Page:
How Many Essays You Must Write Before You Write an Essay

January 29th, 2021 by

When I said in the previous post that you must write at least 100 essays, I was not joking. There are a number of reasons why this must be done. First, writing, unlike speaking or reading, is not a natural process we follow every day. Therefore, when we sit down to write, we are filled with self-doubt. Second, every writer, on most occasions, needs to motivate themselves to write. In the case of a WAT taker, the perceived disincentive for writing a bad essay outweighs the perceived incentive for writing a good essay. In other words, most WAT takers feel that a bad essay can do more damage

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Essay Tips – Seven Deadly Sins of Essay Writing

January 28th, 2021 by

First thing first, when it comes to essay writing, there could potentially be 700 deadly sins. However, space and time constraints dictate that I resist the perennial, evil temptation of writing another long-winded piece and confine myself to the top seven that lead the line-up. These seven mistakes feature routinely in majority of the essays that I assess, and often a single essay contains all of them in varying degrees. So here I go with the seven deadlies in no particular order of frequency or seriousness. Sin No 1: Irrelevance This one is a two-faced devil and both equally ugly. The

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The Five-step Process of Writing a WAT Essay

January 22nd, 2021 by

If we all had the right guidance, the requisite reference material at hand, and unlimited time to write and revise the essays that we write, quite a few of us would eventually be able to produce satisfactory essays. The same task becomes infinitely more difficult when it is presented in the form of the WAT, which must be accomplished in approximately 15 minutes, and which must be produced entirely from references in one’s memory. When we are ultimately faced with the final WAT assignment and a blank paper, several factors begin to weigh heavy on our minds. There is the complexity of the t

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Written Ability Test – Evaluation Criteria and Recommended Background Reading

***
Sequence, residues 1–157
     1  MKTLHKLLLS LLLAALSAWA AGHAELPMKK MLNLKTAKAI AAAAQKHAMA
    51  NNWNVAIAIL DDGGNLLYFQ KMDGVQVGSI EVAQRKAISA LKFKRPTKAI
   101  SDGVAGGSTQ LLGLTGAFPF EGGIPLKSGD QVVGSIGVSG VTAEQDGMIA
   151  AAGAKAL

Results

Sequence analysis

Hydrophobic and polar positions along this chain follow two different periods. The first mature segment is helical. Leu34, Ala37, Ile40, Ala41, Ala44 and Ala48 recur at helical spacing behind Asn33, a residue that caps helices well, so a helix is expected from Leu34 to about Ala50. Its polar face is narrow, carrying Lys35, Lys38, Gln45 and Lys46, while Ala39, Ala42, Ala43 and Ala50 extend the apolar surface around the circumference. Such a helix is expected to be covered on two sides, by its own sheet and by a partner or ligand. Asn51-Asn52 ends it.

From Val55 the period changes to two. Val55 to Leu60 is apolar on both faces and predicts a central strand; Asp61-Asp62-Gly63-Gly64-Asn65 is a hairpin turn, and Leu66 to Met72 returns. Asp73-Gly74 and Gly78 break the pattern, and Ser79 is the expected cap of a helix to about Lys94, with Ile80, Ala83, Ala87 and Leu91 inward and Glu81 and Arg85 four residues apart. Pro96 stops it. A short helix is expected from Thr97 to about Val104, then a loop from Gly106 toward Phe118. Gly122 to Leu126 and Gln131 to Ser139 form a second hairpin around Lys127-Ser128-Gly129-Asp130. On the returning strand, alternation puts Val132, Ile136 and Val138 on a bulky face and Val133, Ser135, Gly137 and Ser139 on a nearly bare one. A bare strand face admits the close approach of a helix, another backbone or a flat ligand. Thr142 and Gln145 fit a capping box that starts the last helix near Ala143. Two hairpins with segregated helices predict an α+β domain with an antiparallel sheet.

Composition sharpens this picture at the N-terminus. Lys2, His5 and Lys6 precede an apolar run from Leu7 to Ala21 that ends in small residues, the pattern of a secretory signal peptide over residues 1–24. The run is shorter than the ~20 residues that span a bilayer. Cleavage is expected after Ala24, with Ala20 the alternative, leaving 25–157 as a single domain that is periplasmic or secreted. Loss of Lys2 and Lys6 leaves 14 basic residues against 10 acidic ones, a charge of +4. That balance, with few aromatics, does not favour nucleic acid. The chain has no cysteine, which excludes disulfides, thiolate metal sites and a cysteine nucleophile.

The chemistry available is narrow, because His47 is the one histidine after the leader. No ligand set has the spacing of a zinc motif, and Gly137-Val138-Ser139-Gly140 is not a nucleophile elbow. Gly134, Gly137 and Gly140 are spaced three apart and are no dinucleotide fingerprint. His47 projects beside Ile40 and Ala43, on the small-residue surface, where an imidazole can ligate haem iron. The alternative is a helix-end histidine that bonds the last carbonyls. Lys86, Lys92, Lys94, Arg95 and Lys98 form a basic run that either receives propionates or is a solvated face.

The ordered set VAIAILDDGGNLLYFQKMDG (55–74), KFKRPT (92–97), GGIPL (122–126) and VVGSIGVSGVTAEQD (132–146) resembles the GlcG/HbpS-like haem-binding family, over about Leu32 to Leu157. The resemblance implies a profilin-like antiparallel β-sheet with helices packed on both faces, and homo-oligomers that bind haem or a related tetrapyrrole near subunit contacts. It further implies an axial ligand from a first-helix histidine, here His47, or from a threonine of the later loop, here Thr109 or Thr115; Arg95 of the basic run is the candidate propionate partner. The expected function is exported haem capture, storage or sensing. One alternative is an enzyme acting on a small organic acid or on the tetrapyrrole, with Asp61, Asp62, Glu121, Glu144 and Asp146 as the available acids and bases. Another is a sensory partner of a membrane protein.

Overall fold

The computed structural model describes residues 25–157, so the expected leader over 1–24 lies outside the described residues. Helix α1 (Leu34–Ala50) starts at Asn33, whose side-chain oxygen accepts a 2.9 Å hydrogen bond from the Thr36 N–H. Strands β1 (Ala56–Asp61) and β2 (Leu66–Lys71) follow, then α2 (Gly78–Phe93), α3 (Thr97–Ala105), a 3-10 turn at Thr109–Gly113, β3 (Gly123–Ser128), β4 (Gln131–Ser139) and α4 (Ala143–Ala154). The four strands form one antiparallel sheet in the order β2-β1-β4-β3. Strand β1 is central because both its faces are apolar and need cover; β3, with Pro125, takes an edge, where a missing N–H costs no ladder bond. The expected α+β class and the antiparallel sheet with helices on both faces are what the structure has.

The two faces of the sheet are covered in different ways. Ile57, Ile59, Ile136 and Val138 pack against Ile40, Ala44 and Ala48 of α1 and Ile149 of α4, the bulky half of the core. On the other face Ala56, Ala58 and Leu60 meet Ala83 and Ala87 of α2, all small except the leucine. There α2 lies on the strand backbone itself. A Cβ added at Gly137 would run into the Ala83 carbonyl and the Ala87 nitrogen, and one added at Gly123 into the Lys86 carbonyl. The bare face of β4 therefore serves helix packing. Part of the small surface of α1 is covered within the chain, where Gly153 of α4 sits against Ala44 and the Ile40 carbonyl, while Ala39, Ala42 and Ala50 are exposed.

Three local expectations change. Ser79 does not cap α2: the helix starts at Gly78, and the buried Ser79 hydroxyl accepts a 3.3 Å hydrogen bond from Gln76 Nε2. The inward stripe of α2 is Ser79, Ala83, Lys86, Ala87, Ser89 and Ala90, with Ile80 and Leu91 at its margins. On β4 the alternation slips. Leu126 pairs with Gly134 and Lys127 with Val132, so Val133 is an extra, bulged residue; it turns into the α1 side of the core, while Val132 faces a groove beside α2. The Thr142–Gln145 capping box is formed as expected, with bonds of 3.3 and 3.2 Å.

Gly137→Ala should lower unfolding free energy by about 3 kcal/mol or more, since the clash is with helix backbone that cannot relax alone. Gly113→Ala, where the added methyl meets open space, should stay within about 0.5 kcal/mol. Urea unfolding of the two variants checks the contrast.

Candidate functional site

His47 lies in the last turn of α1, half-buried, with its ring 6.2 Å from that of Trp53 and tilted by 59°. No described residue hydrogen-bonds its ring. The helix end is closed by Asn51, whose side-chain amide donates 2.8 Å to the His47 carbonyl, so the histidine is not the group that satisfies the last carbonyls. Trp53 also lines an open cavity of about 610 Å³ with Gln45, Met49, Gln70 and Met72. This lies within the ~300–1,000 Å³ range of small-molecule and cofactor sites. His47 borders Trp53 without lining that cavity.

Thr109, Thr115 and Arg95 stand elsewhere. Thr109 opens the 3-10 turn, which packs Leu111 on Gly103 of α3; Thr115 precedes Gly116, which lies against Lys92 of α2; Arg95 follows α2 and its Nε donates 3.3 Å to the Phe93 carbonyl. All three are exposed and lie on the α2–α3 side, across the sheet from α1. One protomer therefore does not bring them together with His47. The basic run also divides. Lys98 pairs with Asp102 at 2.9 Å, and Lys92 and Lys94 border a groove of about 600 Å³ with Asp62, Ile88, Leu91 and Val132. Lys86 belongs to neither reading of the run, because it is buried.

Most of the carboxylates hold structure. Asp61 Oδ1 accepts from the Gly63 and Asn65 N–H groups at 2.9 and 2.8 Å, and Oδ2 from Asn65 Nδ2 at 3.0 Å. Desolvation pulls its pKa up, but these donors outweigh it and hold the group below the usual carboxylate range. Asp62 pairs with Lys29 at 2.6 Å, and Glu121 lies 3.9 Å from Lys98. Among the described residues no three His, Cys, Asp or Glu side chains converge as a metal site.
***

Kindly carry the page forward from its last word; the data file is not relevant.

January 19th, 2021 by

Over the last few years, most of the top B-schools have switched over from group discussion to writing ability test (WAT). There are compelling reasons why this has happened. It will be prudent to understand them before we begin our preparation for the WAT. The most important reason, I feel, behind this change is that, unlike in GDs, in an essay, it is impossible to borrow the content from anyone else or further develop someone else’s thoughts. You must entirely depend on your own content and reasoning. In fact, GDs are meant to test your ability to assimilate diverse points of view alon

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How to Approach the Common Personal Interview Questions

January 18th, 2021 by

Most of the questions that one encounters in a B-school personal interview can be classified into the following categories: A – Introductory questions B – Academic and work-experience related questions C – Current affairs and general awareness questions D – Personality-based questions E – Goal-related questions F – Stress questions Let us begin by looking at these types, and the common questions that are asked under each type. Please note that while most interviews begin with introductory questions, no particular order of question types is followed by the panel as regards